Team:EMW Street Bio/Concept

Biota Beats - by EMW Streetbio


History of the Record Player

The evolution of the record player starts in July of 1877 when Edison filed his first patent in Great Britain on the recording and reproduction of sound. Full specifications for the phonograph were filed in April 1878. Later in 1881, Alexander Graham Bell, his cousin Chichester Bell, and assistants created what would become known as the Graphophone, an improved version of the phonograph, and donate a prototype to the Smithsonian Institution. The graphophone used wax as the recording medium rather than tin foil like the phonograph, and the recording was cut or chiseled into the wax rather than being embossed.

In 1894, Emile Berliner introduced a commercial version of the gramophone that he had been developing since 1887. The player used a disc instead of a cylinder and was made of zinc coated with wax. Come 2016, EMW Street Bio iGEM team has modified the gramophone to record the visuals of a petri dish “disc” rotating in the place of a vinyl disc. From those images, sound is generated based on algorithms measuring colony position, density, and size.

The human microbiome

In the mirror, we all see ourselves as one whole, independent organism. Wave at your reflection. Smile. Wiggle your ears. You might think, ‘Hey, this is me.’

...But think again. This perspective overlooks the trillions of bacteria that live on and inside your body—your very own microbiome. The earth is teeming with bacteria and other microorganisms, and guess what? The place in the world with the highest density of these tiny creatures is in right in your colon.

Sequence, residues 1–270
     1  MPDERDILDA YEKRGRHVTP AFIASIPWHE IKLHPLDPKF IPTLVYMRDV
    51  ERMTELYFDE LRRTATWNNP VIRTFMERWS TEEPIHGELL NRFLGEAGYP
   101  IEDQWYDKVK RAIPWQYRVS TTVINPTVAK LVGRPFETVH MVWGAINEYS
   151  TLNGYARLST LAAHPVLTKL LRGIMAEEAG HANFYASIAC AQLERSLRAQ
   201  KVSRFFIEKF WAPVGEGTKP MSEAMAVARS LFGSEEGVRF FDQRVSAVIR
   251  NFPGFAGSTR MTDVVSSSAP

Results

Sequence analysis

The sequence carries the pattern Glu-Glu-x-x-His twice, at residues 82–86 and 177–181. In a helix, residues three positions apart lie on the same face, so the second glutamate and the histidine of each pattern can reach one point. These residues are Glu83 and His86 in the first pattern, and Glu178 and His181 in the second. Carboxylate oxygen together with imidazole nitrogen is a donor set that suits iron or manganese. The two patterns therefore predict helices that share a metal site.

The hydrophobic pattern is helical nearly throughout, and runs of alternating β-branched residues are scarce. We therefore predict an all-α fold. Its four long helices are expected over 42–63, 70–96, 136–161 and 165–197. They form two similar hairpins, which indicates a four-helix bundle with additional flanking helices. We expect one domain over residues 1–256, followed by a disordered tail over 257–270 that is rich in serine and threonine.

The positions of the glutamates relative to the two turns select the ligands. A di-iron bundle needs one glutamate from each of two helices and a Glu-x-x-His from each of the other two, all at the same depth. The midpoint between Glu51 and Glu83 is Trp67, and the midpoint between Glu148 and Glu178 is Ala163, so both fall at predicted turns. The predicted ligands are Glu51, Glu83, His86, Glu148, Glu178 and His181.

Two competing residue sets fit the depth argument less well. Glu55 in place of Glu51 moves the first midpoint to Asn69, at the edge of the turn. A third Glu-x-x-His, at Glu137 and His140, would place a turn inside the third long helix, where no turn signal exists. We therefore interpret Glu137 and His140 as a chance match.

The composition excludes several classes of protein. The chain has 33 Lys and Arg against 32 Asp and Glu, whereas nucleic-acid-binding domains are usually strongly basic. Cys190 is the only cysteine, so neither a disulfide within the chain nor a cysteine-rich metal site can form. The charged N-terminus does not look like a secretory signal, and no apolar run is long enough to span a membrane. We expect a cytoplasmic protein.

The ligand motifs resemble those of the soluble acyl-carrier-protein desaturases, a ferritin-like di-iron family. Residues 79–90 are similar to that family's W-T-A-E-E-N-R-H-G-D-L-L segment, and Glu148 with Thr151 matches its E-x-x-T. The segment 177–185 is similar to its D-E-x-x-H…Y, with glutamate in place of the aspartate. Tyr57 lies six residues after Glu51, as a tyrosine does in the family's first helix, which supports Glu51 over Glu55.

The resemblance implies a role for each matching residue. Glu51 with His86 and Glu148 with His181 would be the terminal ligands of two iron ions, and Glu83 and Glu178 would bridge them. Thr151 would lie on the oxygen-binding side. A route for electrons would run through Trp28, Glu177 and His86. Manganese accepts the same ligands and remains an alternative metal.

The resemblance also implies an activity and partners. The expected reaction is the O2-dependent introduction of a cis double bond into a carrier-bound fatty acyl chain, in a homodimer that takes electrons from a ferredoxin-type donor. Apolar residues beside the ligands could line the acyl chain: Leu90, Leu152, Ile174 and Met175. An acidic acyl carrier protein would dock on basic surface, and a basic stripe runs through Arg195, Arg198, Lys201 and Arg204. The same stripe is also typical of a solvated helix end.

So, what are all these organisms doing in your body, and how are they affecting you? The answers are still being investigated today, but the recent studies have come to some interesting conclusions. In order to study this question, scientists bred a mouse strain without a microbiome, a blank slate upon which to observe phenotypes of different gut profiles, and then designed experiments involving the transfer of fecal matter containing a portion of a microbial ecosystem. Based on this framework, one group of scientists used mice described as ‘shy’ as stool donors for the microbiome-deficient mice, hoping to observe some perceptible change in the recipients. Imagine the excitement when rather than just a minor change (or nothing at all), the researchers saw the recipient mice display personality traits from the donors!

What about humans, you ask? So far, researchers have found a similar connection between our microbiomes and brains and health. For instance, the tendency towards overweightness or obesity can also be influenced by your microbiota, as well as countless other complex phenotypes. But, let’s backtrack even further: how is this relationship even possible? Current scientific consensus has dubbed this the “brain-gut-microbiota axis,” composed of the vagus nerve, immune system, and more, a physical basis for this still-mysterious association.

Enthusiasm over these findings has already led to visions of a whole new pathway for medical therapy. Among those already invested in this field is OpenBiome, a nonprofit stool bank which gathers healthy samples from individuals to support research into microbiota and fecal microbiota transplants (FMT). Interested? Provided you pass the rigorous screenings, you could find yourself donating stool and becoming a part of this movement too.

Currently, Biota Beats is able to operate in "Mixing" and "Incubate" modes. In our future work we will augment Biota Beats with "Sequencing" and "Scratching"!